Safeguarding delays putting children at risk, heads warn
Children are being put at risk of harm because of the length of time it is taking to complete vital safeguarding assessments by “understaffed” local authorities, headteachers have warned.
Almost one in five heads said that referrals to children’s social care departments are taking longer than the 45 days stipulated in government guidance, according to a poll of more than 1,100 school leaders.
Capacity among local authorities to respond to safeguarding concerns is highlighted as an issue by heads, with comments from respondents including “they are in crisis”; “everyone is overworked, understaffed and stressed”; and “I have made complaints about the speed of work as children are being placed at risk by this”.
Female genital mutilation is highlighted as a particular concern for school leaders, with 51 per cent of respondents saying they were worried about the issue in their schools.
Overall, nearly three-quarters of those surveyed (74 per cent) said they had made a referral to children’s social care at some point in their careers, according to the poll carried out by The Key, a leadership support service for schools
“Our members in over a third of the country’s schools continuously come to us for guidance on safeguarding issues,” said Fergal Roche, chief executive officer of The Key. “It is clear that this is a pressing concern for school leaders today and more needs to be done to help schools as they provide this much-needed support for some of our most vulnerable children.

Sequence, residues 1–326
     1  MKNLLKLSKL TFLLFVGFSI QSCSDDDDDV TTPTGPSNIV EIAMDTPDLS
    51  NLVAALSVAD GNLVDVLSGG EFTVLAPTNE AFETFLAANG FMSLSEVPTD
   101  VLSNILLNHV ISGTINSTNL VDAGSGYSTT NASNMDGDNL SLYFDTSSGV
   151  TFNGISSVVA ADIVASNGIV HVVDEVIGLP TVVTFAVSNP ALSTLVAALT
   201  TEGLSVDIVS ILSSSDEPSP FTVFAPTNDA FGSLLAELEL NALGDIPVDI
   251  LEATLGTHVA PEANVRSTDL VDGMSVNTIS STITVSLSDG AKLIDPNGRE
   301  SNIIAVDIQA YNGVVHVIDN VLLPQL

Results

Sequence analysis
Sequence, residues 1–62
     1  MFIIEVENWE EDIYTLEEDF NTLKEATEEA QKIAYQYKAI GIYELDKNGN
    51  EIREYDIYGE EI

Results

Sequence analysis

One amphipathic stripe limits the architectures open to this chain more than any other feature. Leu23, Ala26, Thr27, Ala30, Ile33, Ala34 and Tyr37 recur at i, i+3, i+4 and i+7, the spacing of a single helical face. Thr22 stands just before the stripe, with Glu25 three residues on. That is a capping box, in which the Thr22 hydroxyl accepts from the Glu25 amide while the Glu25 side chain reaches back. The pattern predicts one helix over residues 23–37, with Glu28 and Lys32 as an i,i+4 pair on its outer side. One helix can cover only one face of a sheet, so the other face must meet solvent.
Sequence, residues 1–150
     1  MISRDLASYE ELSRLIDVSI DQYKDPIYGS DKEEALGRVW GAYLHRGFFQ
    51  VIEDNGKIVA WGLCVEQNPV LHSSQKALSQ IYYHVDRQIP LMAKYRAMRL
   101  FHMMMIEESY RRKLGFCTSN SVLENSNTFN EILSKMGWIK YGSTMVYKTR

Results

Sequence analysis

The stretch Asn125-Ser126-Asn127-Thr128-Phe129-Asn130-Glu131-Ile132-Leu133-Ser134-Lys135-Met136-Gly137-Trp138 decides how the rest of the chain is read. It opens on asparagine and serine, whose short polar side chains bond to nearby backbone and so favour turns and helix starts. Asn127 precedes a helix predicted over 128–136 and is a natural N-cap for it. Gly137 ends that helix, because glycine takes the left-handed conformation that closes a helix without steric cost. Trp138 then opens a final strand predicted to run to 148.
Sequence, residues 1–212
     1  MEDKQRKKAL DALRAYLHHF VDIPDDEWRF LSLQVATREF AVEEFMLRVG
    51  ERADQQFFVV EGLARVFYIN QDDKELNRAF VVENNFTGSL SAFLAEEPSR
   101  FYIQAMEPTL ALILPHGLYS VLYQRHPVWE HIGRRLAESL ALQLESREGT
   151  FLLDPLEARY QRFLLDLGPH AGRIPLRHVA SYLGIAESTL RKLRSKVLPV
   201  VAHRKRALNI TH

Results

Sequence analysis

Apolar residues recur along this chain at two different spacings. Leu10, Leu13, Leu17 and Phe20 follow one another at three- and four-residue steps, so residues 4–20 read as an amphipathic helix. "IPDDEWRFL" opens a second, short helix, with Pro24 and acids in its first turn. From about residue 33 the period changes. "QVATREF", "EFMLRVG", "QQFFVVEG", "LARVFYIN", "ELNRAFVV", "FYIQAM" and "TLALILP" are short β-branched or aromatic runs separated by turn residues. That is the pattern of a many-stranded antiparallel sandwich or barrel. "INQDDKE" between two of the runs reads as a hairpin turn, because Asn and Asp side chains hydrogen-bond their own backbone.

“Almost six out of 10 school leaders believe the current safeguarding guidance, which was published in April last year, is failing to reduce bureaucracy, according to the survey. While some said the guidance was less ambiguous than was previously the case, heads also raised concerns that safeguarding issues are being pushed back on schools, which is having an impact on other areas of work.
The document followed the publication of Working Together to Safeguard Children, which was aimed at all those who provide services for children and families. The government said it would clarify the core legal requirements on individuals and organisations and remove some of the layers of prescription around assessing children.
Andrew Hall, a former headteacher who now works with schools as a safeguarding consultant, said: “I’m comfortable with the amount of paperwork that people are being asked to do but what I’m not comfortable with is more and more schools doing work that qualified social workers should be doing.
“The threshold at which social services will become involved has increased to such an extent that, I think, children are at risk because there aren’t the services there to meet their demands.”
But Alan Wood, president of the Association of Directors of Children’s Services, said that children were being better protected than in the past.
He said: “While we do recognise additional burdens have been placed upon schools they do share a legal safeguarding duty and in return it needs to be recognised that local authorities are facing a significant pressure from a sustained period of growing demand and substantially reducing budgets.
“As we have evidenced through our own research, some of that increased child protection activity is a direct result of improved identification of need by schools and others. This is partly thanks to improved joint training and suggests that more children than ever are being better protected through effective joint working.”
‘Common sense’ on safeguarding leaves schools ‘exposed’ - 24 September 2010